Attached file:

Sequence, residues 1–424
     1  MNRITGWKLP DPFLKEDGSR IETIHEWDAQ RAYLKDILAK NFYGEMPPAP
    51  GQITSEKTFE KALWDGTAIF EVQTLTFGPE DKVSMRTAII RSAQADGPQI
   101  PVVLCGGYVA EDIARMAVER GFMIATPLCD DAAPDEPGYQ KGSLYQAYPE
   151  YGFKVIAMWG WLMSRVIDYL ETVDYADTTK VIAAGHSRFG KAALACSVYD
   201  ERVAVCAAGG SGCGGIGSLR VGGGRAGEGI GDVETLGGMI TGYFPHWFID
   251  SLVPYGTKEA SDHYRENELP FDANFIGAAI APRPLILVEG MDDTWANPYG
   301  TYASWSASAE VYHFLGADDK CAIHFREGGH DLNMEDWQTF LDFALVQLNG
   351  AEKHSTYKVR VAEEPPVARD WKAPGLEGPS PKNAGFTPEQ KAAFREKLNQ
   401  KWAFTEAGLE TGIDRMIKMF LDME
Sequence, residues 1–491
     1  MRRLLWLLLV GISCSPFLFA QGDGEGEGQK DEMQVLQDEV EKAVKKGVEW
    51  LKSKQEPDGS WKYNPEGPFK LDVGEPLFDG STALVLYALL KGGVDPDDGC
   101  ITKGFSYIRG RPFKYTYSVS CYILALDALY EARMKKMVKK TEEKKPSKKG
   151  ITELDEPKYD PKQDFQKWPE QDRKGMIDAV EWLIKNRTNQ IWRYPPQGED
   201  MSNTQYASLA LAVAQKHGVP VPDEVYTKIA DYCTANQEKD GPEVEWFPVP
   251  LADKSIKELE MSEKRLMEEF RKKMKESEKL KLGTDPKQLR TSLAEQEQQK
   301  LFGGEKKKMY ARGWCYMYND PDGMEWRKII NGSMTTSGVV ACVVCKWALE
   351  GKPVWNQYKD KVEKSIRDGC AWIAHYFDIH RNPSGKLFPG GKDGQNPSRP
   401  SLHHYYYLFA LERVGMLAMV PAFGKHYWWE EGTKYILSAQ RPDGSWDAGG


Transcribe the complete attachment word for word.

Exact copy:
Sequence, residues 1–424
     1  MNRITGWKLP DPFLKEDGSR IETIHEWDAQ RAYLKDILAK NFYGEMPPAP
    51  GQITSEKTFE KALWDGTAIF EVQTLTFGPE DKVSMRTAII RSAQADGPQI
   101  PVVLCGGYVA EDIARMAVER GFMIATPLCD DAAPDEPGYQ KGSLYQAYPE
   151  YGFKVIAMWG WLMSRVIDYL ETVDYADTTK VIAAGHSRFG KAALACSVYD
   201  ERVAVCAAGG SGCGGIGSLR VGGGRAGEGI GDVETLGGMI TGYFPHWFID
   251  SLVPYGTKEA SDHYRENELP FDANFIGAAI APRPLILVEG MDDTWANPYG
   301  TYASWSASAE VYHFLGADDK CAIHFREGGH DLNMEDWQTF LDFALVQLNG
   351  AEKHSTYKVR VAEEPPVARD WKAPGLEGPS PKNAGFTPEQ KAAFREKLNQ
   401  KWAFTEAGLE TGIDRMIKMF LDME
Sequence, residues 1–491
     1  MRRLLWLLLV GISCSPFLFA QGDGEGEGQK DEMQVLQDEV EKAVKKGVEW
    51  LKSKQEPDGS WKYNPEGPFK LDVGEPLFDG STALVLYALL KGGVDPDDGC
   101  ITKGFSYIRG RPFKYTYSVS CYILALDALY EARMKKMVKK TEEKKPSKKG
   151  ITELDEPKYD PKQDFQKWPE QDRKGMIDAV EWLIKNRTNQ IWRYPPQGED
   201  MSNTQYASLA LAVAQKHGVP VPDEVYTKIA DYCTANQEKD GPEVEWFPVP
   251  LADKSIKELE MSEKRLMEEF RKKMKESEKL KLGTDPKQLR TSLAEQEQQK
   301  LFGGEKKKMY ARGWCYMYND PDGMEWRKII NGSMTTSGVV ACVVCKWALE
   351  GKPVWNQYKD KVEKSIRDGC AWIAHYFDIH RNPSGKLFPG GKDGQNPSRP
   401  SLHHYYYLFA LERVGMLAMV PAFGKHYWWE EGTKYILSAQ RPDGSWDAGG